It’s out! Today’s Curiosity is Tomorrow’s Cure


Today’s Curiosity is Tomorrow’s Cure: The Case for Basic Biomedical Research is now officially published and available from Routledge/Taylor & Francis/CRC Press on their website, from Amazon and all the regular book sellers, including Barnes & Nobles, Waterstones, etc. I’m not sure what this means, as this is an academic book, but it’s been a #1 hot new release on Amazon (the paperback version) alternately in “Biotechnology” and “Medical Research” as well as “Cell Biology” and “Biochemistry” these past 10 days since being published.

It’s been on my mind for the last 5 years, and in active writing since early 2020. For the last 12 months it’s taken up every free minute of my spare time, the writing, editing, tweaking, modifying, re-editing, figures, references, glossary, proof reading ad nauseam–so that now that the book is finally published, I feel a little lonely, a little lost, and not quite sure what to do with myself. Fortunately I have a new young dog to keep me busy…

Overall, it’s been a marathon of sorts–a marathon I started as a book to lobby for basic biomedical research, but in the course of writing became enamored with the history behind some of the greatest discoveries. I really loved the researching and writing of each of the 24 chapters in the book, and the biggest take-home message is that “it takes a village of scientists” and usually decades between the initiation of a great discovery until some clinical fruits might be gained from the research.

Another important point relates to perspective. Researchers are continually trying to “sell” the science and highlight the “significance” and “impact” of the research. But historically, it hasn’t been an easy task to always predict what impact a discovery might have in the future. For example, Chapter 24 addresses the discovery of the green fluorescent protein (GFP)–arguably one of the most impactful findings that has had a monumental influence on the course of research’s allowing scientists to study proteins, organelles and living organisms more readily. However, when the protein was first isolated from jellyfish in 1962 by Osamu Shimomura and his colleagues, the initial publication was a rather understated paper in a modestly-ranked journal–not really providing a hint of the massive impact the GFP protein would later make.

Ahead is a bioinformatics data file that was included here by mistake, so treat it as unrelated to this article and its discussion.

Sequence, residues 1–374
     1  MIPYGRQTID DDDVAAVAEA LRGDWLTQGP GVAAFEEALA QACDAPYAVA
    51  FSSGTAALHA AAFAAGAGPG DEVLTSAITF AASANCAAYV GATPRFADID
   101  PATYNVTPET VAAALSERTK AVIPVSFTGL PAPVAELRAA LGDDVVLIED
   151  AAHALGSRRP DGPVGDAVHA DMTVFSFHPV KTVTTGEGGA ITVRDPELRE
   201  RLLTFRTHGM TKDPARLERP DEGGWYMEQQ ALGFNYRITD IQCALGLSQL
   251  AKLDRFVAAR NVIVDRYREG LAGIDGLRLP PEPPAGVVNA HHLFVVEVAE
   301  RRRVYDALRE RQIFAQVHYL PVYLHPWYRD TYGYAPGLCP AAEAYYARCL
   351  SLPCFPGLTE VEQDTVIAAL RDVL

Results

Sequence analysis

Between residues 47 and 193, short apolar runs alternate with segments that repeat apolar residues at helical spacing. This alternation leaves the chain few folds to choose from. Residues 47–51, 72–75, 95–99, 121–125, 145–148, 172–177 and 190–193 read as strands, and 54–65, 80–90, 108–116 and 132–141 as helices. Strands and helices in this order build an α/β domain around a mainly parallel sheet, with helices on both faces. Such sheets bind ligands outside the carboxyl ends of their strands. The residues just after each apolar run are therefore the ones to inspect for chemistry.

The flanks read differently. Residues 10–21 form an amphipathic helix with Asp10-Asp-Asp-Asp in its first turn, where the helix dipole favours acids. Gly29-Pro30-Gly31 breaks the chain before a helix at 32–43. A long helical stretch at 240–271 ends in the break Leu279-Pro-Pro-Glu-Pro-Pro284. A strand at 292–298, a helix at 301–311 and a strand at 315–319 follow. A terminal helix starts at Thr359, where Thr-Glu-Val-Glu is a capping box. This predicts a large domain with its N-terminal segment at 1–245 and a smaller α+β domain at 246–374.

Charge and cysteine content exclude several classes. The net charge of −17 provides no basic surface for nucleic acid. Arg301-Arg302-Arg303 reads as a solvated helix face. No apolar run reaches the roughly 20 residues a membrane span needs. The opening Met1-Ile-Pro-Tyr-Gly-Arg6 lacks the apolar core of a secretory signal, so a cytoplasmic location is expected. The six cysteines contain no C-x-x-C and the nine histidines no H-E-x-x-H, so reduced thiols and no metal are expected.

Indeed, what is “impact?” I once was asked to show a group of donors some microscopy studies on a confocal microscope, perhaps 15 years ago. After a lot of preparation and working to explain things to laypersons, I realized that the group was entirely fixated on—the notion that the microscope had two computer screen (at the time this was a relatively new thing) and they were amazed that I could drag images and icons from one screen to the next one seamlessly. The actual biology held no interest for them. And thus, “impact” can be a very subjective concept. Just ask any scientist whose paper has been rejected without review for “insufficient impact…”

In any case, for anyone interested in the stories leading up to the great discoveries, or in search of a holiday gift for a scientist, please check out this book. There’s even a discount for my friends…




About Steve Caplan

I am a Professor of Biochemistry and Molecular Biology at the University of Nebraska Medical Center in Omaha, Nebraska where I mentor a group of students, postdoctoral fellows and researchers working on endocytic protein trafficking. My first lablit novel, "Matter Over Mind," is about a biomedical researcher seeking tenure and struggling to overcome the consequences of growing up with a parent suffering from bipolar disorder. Lablit novel #2, "Welcome Home, Sir," published by Anaphora Literary Press, deals with a hypochondriac principal investigator whose service in the army and post-traumatic stress disorder actually prepare him well for academic, but not personal success. Novel #3, "A Degree of Betrayal," is an academic murder mystery. "Saving One" is my most recent novel set at the National Institutes of Health. Now IN PRESS: Today's Curiosity is Tomorrow's Cure: The Case for Basic Biomedical Research (CRC PRESS, 2021). All views expressed are my own, of course--after all, I hate advertising.
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